The E-catechism, January 1998
|Authority||The strength of nonviolence|
Six months ago, we launched the Electronic Catechism. We introduced texts which we thought were provisional, in view of bettering them with your co-operation, thanks to your contributions. Many have written to tell us how much they appreciate our work, but few (not enough) have made positive contributions. We are grateful that two presentations have called such commentaries. We met in July and looked at your mail. We thought the project over and we have redone the two following texts. You have them today. We thank you in advance for suggestions and criticisms. They are essential for this catechism to become our common share. And do not hesitate to suggest topics.
Who has not seen civil, military and religious authorities, side by side in their sparkling uniforms, at celebrations of national feasts or on specialdays?
Our modern time is diffident towards any authority. "Our times find itessential that people are no longer led by authority or trust. It is only by following their own judgment that they accept to contribute to something." Hegel, 1830.
We know people who have authority but no power. Others have power but no real authority.
Sample surveys show the discrepancy between authority and power among people in politics.
Authority is founded either on competence or on the strength of seduction, or it is linked to an office.Today, the most underrated type of authority is the one that is attached to an office. Authoritarianism, which is a caricature of authority, is disparaged. The word "authority" comes from the Latin "augere," which means "to make grow" or "to give abundantly."
Understood that way, authority is analogous to service - at the service of life and of life together. It provides a space for people's freedom.
In the Gospels, crowds acknowledged Jesus' authority: "No one ever spoke the way this man does." They were struck by his teaching because Jesus taught as one who himself had authority and did not rely on the experts in the law.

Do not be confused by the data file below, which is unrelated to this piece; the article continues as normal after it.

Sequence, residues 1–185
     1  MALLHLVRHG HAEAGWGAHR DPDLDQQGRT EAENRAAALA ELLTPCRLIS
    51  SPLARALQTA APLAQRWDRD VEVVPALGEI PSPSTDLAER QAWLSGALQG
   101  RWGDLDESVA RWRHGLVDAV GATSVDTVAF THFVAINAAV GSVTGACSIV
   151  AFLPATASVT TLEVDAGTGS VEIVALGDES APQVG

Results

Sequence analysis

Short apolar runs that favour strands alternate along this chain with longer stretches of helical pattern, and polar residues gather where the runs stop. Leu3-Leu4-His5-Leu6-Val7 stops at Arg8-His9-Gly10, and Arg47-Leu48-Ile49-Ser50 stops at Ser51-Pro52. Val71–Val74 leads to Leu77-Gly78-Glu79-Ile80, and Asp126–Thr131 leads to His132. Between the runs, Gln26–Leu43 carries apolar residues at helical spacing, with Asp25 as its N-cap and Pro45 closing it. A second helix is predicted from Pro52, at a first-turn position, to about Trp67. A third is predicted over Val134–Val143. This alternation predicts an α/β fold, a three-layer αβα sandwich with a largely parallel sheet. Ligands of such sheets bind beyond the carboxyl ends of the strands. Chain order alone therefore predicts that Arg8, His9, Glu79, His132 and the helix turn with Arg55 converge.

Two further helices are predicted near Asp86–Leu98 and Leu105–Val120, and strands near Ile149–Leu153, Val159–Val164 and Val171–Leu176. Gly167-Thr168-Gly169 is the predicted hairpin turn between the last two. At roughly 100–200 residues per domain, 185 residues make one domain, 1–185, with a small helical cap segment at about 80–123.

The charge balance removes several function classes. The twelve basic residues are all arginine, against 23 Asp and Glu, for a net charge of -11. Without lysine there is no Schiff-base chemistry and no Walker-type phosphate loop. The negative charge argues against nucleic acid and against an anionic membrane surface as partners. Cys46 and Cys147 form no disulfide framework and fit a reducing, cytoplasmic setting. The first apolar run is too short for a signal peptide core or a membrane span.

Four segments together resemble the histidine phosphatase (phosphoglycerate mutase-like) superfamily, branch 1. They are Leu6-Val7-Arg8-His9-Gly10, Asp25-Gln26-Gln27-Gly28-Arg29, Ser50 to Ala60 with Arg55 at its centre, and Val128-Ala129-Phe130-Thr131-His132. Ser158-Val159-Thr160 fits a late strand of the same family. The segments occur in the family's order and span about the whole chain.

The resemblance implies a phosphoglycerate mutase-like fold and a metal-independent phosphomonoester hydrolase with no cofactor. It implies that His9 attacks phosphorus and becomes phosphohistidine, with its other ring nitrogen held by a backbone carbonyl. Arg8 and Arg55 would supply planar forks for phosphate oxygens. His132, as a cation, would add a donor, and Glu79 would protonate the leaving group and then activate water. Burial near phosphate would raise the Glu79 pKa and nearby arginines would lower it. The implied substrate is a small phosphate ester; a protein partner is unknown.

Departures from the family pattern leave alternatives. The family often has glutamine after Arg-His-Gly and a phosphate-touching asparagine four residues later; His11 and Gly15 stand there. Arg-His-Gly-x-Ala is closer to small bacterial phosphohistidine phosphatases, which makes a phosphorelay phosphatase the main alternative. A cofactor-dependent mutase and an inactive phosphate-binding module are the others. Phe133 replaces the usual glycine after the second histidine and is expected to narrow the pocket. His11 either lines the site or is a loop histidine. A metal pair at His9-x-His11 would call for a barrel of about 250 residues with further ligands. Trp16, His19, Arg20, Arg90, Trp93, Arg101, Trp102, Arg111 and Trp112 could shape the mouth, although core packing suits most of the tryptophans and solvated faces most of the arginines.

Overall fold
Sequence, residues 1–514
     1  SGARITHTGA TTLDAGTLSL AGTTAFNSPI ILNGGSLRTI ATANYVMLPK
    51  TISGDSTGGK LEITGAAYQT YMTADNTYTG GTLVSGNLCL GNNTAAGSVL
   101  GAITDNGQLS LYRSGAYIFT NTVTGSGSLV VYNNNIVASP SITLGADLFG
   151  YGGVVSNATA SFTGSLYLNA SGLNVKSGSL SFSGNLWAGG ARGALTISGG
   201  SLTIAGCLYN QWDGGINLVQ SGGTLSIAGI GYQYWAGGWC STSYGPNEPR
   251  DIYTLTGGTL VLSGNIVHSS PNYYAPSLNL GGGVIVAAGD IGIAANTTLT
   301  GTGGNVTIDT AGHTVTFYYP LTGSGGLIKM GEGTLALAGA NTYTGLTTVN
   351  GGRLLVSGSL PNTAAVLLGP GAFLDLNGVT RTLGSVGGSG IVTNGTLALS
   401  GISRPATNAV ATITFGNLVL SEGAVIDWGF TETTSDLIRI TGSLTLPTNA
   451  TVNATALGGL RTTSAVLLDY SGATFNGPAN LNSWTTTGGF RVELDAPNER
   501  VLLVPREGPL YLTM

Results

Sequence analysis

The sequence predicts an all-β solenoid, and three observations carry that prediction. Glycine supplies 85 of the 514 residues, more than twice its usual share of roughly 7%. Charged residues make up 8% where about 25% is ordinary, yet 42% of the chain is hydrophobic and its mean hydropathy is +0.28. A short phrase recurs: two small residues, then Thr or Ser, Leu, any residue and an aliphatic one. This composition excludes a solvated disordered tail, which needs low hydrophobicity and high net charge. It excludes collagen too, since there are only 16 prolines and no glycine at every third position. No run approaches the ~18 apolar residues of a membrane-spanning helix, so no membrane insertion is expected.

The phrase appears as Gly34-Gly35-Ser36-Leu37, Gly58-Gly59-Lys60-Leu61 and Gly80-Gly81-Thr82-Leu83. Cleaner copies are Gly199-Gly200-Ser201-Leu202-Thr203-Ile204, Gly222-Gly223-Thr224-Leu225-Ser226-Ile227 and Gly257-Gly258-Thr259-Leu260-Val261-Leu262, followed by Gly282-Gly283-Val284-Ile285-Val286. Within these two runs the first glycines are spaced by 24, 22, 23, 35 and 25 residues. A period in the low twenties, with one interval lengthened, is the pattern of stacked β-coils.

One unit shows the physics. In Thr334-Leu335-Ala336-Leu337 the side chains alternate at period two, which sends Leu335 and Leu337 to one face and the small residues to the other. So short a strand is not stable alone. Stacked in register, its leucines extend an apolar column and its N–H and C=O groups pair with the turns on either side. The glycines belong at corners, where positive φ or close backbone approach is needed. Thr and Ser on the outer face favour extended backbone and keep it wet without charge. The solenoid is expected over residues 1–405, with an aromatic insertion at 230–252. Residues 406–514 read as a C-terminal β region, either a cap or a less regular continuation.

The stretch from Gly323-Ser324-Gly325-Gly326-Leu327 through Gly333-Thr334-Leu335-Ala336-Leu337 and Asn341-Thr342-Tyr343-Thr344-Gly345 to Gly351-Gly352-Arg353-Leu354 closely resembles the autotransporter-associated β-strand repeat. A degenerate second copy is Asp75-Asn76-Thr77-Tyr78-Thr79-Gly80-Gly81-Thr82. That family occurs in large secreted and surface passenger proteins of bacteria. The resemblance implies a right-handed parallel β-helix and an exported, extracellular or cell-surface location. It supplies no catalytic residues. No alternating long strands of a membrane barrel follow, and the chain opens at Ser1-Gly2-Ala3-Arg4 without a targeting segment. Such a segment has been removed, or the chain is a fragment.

In the Catholic Church, the authority attached to an office is called magisterium (which pertains to the pope and bishops). The Vatican II Council broke off hierarchical authoritarianism and gave precedence to "the people of God." The authority of the faithful has a place in the Church and is practiced as "public opinion" which has always existed in the Church and which is traditionally called "the sense of faith." For example, the assumption of Our Lady was celebrated by the people well before it was declared official dogma byPope Pius XII.
Authority is necessary. One cannot do without it. But it has to be qualified.
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The strength of nonviolence
Who cannot recall this moving picture which was seen by all the world?
A young man standing in front of a line of tanks rolling towards Tienanmen Square. It was an unbelievable face off. The first tank stalled by a one little man who, unarmed, held his own against the guns. It was in the spring of 1989. This unknown man symbolizes all of us who, armed only with our sincerity, struggle for peace.
Nonviolence is not a refusal to defend oneself. It is not a surrender, nor is it steeped in passivity. Nonviolence requires action. It is a struggle.
It is an alternative way to combat and solve the unavoidable conflicts of life. One can fight for justice and human dignity without hating or killing. We know from experience that a human being is the first one to suffer from violence done to someone else. By destroying my adversary, I destroy myself.
Nonviolence has regard for the adversary. Its purpose is to awaken consciousness and touch hearts. While violence thwarts human relationships, nonviolence builds human relationships anew. It creates new relationships between people. It is thought out, aiming at efficiency. It does not do without social analysis and assessment of strengths present.
Nonviolence plans and it does not cooperate when situations are unbearable.
Therefore nonviolence can be a failure. It cannot solve all problems. It is not the only possible choice in front of violence. Nonviolence is a shared good to all humans. It is available to the greatest number. It is the weapon of the poor and the weak. No religion owns it. One becomes conscious nowadays of its necessity in families, schools, churches ....
Nonviolence is first of all an attitude from the depth of one's being. It is a state of mind; a way of acting which flows from what one is.
Nonviolence cannot be practiced by proxy and cannot be decreed. It is
a personal choice.
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